In this proposed study, the investigators are looking to conduct a prospective, randomised,
double-blind, non-inferiority trial, to study single-shot pectoral plane (PECs) blocks versus
continuous local anaesthetic infusion analgesia versus a combination of PECs blocks and local
anaesthetic infusion analgesia, when it comes to providing analgesia for most forms of breast
Breast surgery is common, and the optimal form of analgesia is currently unknown. Techniques
involving local anaesthetic, such as pectoral plane (PECs) blocks and infusion pumps, are
growing in popularity, as they reduce the amount of opioid medications used. Opioids are
associated with nausea, vomiting, low blood pressure, drowsiness and constipation, and as
such, opioid-sparing analgesic regimens postoperatively are becoming more common. These
regimens will typically involve paracetamol, a NSAID (non-steroidal anti-inflammatory drug),
and a local anaesthetic technique.
Pectoral plane blocks involve a once-off injection of local anaesthetic at two locations
within the chest wall, typically done after the patient undergoes general anaesthesia, but
before the commencement of surgery. Local anaesthetic infusion pumps involve the insertion of
a catheter into the wound at the end of surgery, before the patient emerges from general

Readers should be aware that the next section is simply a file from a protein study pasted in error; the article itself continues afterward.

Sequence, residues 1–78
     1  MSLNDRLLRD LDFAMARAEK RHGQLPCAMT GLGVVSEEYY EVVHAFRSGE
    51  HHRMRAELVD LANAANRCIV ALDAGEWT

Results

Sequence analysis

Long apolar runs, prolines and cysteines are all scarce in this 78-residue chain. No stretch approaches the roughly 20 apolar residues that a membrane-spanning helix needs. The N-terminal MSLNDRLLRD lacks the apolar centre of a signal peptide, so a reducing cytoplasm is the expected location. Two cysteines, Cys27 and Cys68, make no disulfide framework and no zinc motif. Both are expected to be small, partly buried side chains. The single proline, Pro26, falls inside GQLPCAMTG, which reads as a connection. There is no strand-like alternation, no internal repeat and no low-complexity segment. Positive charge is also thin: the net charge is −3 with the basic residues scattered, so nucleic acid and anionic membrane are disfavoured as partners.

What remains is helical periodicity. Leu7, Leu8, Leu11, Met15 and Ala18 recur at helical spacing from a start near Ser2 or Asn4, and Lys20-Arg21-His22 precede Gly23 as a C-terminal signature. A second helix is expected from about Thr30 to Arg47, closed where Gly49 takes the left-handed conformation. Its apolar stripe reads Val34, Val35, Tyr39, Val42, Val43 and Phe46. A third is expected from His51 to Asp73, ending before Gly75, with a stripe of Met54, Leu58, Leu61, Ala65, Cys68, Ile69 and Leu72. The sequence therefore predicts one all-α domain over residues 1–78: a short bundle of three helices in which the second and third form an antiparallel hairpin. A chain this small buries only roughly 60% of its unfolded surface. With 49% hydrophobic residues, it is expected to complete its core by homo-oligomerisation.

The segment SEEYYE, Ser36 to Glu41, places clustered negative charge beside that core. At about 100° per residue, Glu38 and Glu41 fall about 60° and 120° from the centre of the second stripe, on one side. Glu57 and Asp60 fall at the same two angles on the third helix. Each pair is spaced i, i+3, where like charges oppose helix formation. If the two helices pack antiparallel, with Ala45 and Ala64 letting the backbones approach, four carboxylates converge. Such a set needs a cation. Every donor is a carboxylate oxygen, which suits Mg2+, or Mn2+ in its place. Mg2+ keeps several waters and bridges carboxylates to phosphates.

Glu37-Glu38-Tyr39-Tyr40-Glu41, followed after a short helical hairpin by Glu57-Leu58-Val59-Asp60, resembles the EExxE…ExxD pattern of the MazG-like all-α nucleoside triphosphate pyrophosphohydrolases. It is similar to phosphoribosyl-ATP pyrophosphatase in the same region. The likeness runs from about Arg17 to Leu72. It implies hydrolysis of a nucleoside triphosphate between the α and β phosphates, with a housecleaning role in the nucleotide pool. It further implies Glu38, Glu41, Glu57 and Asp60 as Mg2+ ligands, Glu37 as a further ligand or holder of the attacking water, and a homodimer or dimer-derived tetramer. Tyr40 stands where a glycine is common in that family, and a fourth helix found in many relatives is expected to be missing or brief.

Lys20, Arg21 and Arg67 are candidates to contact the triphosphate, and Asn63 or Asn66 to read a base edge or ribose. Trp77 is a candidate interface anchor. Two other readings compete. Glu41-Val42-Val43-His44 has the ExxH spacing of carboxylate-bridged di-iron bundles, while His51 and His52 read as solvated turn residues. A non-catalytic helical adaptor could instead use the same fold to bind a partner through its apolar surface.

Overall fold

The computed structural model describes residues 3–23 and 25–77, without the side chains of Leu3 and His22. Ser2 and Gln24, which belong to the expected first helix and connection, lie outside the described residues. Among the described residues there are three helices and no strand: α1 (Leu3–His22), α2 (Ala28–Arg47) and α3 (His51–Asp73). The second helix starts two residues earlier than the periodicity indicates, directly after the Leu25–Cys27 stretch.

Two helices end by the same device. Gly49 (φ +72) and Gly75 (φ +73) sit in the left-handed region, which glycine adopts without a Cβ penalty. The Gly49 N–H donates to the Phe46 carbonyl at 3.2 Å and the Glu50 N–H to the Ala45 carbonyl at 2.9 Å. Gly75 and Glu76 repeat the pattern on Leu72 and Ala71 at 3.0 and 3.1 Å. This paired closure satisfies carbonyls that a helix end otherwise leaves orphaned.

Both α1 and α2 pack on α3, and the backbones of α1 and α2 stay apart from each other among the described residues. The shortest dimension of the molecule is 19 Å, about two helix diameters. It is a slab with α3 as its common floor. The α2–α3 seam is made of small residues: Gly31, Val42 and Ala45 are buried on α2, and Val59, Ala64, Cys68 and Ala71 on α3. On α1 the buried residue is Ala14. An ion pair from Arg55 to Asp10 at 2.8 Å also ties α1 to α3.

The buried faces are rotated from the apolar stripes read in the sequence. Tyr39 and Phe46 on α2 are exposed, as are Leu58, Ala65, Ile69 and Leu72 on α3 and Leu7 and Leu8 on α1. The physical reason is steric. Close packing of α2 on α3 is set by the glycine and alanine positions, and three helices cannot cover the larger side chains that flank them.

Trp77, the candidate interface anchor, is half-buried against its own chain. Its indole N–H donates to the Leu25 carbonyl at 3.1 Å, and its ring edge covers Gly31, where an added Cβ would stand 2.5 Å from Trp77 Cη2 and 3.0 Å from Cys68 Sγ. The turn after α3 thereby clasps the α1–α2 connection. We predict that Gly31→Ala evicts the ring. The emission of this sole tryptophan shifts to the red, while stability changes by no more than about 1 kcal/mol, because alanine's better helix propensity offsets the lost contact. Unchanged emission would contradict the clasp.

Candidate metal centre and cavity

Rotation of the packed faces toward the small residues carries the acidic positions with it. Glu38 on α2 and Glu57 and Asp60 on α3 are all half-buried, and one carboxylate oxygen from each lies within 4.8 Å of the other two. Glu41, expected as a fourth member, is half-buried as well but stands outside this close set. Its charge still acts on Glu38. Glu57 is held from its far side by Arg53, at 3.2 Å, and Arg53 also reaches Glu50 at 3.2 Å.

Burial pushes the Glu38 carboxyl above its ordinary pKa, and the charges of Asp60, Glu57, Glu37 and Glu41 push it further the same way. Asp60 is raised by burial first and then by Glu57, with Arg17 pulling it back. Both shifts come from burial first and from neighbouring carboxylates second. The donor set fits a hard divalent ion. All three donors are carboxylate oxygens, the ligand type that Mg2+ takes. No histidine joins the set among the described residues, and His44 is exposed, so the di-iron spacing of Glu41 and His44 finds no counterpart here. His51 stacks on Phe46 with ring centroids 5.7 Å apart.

anaesthesia, that constantly emit local anaesthetic over a defined period of time. Each
technique is considered extremely safe, and is considered acceptable as a form of pain relief
in patients undergoing breast surgery.
There are no published works comparing pectoral plane blocks with local anaesthetic infusion
pump analgesia, and the investigators see a gap in the knowledge base that can be addressed.
This study will allow efficacy, safety and cost of the three techniques to be compared. The
investigators feel the study design is robust, and statistical analysis based on previously
published works in the area of postoperative analgesia has allowed the study to be powered
Patients undergoing breast surgery are a vulnerable group, and this is recognised via the
provision of a comprehensive Patient Information Leaflet and a commitment to respecting the
process of Informed Consent. The investigators also recognise this is a stressful period in a
woman's life, and the study will be conducted in a sensitive and compassionate manner.
The study has been designed to be prospective, randomised, and double-blinded. The
anaesthetic will be standardised in relation to analgesic and anti-emetic agents
administered, in order to minimise variables. Chronic post-surgical pain is a growing area of
research, and the follow-up telephone interview at 3-months will allow investigation of this.
A Data Record Form will be utilised for data collection, which will subsequently be analysed
statistically. Data will be handled sensitively, securely, and by the minimum number of
researchers. A plan is in place for destruction of data at an appropriate time.
While there will be no direct benefit to participants, including monetary considerations,
this research study will add to the knowledge-base surrounding analgesia for breast surgery.